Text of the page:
The membrane of microparticles, which is derived from the plasma membrane of the parental cell, consists primarily of lipids and proteins. Depending on the cell type of origin and the mechanism of microparticle release, the composition of microparticles varies. During the budding process, the phospholipid asymmetry of the plasma membrane is lost, with microparticles exposing phospholipids on their outer membrane leaflet. Analysis of components of microparticles from the blood of healthy donors indicates that phosphatidylcholine comprises almost 60% of the lipids (49). Other quantitatively important lipids are sphingomyelin and phosphatidylethanolamine, which account for another 30% of the lipids. Low amounts of phosphatidylserine, phosphatidylinositol, lysophosphatidylcholine, lysophosphatidylserine, and lysophosphatidylethanolamine are also detected in particle preparations. In the blood of healthy donors, ∼75% of the microparticles are derived from platelets. Nevertheless, the composition of blood microparticles differs from that of platelet plasma membranes. For example, in platelet membranes, phosphatidylcholine and phosphatidylethanolamine each account for 30–35% of total lipids, and lysolipids are not detectable (49).
In a study on inflammatory arthritis, Fourcade and coworkers isolated microparticles from synovial fluids (50) and demonstrated that, in these microparticles, phosphatidylcholine, sphingomyelin, phosphatidylethanolamine, and lysolipids were present in almost equal amounts (20–25% each), and that phosphatidylserine was detected only in low amounts. In view of the differences observed in these biochemical analyses, one can speculate that the lipid composition of microparticles varies depending on the cell type of origin, as well as the inducing process. In contrast to microparticles isolated from the blood, the majority of microparticles present in synovial fluids from patients with active arthritis are derived from inflammatory cells; in these fluids, platelet microparticles are found in low numbers (31). An alternative explanation for the varying composition of the microparticles may be that the inflammatory milieu in the arthritic joint triggers the release of microparticles with a different lipid composition, despite their origin from the same cell type.
On their surface, microparticles display surface proteins from their parental cells. As such, these antigens can identify the cell type from which the microparticles originate, e.g., CD42a for platelets or CD3 for T cells (31, 32, 47). Microparticles, however, can differ in the expression of cell surface molecules from their parental cells. This phenomenon has been analyzed in the most detail for erythrocytes. Microparticles derived from erythrocytes upon treatment with calcium and ionophore A23187 are enriched for glycosyl phosphatidylinositol–anchored proteins, such as acetylcholinesterase and decay accelerating factor (51). Erythrocyte-derived microparticles are also enriched for the membrane protein stomatin and for the proteins synexin and sorcin, which translocate from the cytosol to the plasma membrane upon calcium binding (52). Furthermore, the expression of surface molecules on microparticles may vary with activation state, with levels of platelet endothelial cell adhesion molecule 1 and E-selectin significantly higher on microparticles from activated endothelial cells than on those from resting cells (53).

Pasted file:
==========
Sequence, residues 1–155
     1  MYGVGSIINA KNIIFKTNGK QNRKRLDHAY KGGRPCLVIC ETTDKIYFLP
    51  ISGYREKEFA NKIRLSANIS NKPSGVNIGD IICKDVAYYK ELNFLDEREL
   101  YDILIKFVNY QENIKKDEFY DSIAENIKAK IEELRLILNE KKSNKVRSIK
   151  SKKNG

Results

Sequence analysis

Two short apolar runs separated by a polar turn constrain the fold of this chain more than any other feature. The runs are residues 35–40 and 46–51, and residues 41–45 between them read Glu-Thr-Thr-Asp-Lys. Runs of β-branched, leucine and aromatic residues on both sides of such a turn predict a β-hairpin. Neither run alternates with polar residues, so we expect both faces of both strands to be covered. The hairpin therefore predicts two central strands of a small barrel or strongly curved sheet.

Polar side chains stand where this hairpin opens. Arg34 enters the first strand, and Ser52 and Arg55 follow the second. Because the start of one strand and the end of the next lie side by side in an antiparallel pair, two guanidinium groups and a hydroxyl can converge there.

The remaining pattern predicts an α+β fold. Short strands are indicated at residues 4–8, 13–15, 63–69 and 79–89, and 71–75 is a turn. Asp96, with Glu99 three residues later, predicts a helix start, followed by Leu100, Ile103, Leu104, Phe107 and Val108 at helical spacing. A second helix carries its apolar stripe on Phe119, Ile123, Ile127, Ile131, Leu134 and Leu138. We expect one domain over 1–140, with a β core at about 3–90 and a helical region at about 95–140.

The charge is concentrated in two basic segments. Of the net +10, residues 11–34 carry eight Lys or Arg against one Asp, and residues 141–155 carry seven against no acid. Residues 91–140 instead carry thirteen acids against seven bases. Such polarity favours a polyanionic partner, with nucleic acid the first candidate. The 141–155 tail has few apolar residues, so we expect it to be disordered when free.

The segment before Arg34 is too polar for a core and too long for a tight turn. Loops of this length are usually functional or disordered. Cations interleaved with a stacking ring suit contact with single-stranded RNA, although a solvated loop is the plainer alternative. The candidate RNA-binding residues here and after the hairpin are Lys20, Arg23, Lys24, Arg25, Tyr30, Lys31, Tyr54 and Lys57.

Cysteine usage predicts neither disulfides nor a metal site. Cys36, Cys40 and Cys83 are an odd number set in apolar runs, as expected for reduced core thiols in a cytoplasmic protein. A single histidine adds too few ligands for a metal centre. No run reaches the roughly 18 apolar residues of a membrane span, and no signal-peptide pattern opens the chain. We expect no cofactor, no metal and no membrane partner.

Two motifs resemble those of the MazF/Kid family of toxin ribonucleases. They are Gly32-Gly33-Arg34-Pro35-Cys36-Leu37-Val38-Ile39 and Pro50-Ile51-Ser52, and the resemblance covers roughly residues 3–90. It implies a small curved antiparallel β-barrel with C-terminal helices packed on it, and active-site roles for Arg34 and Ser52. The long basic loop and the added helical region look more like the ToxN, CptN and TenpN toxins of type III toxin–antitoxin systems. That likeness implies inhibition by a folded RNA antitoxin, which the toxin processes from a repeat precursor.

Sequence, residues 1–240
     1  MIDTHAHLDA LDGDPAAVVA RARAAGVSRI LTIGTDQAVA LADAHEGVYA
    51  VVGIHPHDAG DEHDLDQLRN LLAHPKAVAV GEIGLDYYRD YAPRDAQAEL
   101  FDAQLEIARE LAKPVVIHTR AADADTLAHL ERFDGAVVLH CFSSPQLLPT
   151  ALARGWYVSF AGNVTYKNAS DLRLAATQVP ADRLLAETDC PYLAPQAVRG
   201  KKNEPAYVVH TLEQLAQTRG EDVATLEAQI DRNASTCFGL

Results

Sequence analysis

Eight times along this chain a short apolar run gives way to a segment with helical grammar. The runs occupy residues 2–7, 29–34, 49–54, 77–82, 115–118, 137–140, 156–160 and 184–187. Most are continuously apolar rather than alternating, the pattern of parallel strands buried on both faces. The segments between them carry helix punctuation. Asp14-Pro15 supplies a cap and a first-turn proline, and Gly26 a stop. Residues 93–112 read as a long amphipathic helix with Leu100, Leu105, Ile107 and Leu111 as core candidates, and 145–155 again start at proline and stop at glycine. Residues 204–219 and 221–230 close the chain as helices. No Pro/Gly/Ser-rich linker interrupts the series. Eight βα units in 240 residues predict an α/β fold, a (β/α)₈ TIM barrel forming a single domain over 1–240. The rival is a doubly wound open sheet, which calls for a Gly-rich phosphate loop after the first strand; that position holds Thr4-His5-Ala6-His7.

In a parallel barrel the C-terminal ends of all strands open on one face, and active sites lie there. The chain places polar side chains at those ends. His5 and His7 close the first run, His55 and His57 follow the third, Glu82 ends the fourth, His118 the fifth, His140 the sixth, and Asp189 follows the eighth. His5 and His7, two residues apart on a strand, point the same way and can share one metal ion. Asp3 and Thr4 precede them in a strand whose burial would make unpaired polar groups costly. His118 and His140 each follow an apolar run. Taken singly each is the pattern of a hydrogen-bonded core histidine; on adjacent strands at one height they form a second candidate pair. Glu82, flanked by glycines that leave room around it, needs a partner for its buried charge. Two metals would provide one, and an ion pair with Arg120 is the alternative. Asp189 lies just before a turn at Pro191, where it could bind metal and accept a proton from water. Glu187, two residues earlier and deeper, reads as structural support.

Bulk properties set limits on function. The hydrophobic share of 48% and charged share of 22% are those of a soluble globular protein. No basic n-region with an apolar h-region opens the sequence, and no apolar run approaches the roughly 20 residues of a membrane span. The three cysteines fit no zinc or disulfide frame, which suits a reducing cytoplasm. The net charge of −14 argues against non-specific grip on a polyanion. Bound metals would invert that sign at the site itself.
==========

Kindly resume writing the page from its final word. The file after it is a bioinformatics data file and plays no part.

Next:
In contrast to the characterization of surface molecules, little is known about the intracellular contents of microparticles. Thery et al demonstrated that microparticles from dendritic cells contain histones (54). Microparticles released by THP-1 monocytic cells upon activation of the ATP receptor P2X7 contain IL-1β (55). Based on the mechanisms of microparticle release, it is possible that cytosolic and even nuclear proteins from the parental cells are present within the microparticles. These internal molecules could contribute to biologic activity of the particles, although this has not been investigated extensively.
Microparticles as intercellular transporters
Among their proinflammatory activities, microparticles can transport biologically active compounds such as lipid mediators and cell surface receptors between different cells. Barry and coworkers demonstrated that microparticles can alter cellular functions through transcellular lipid metabolism (20, 21, 34). In those studies, platelet-derived microparticles stimulated the expression of COX-2 and the production of prostaglandins in endothelial cells. Further analyses revealed that the fatty acid fraction was responsible for the stimulatory effects. In particular, the induction was mimicked by arachidonic acid isolated from platelet-derived microparticles.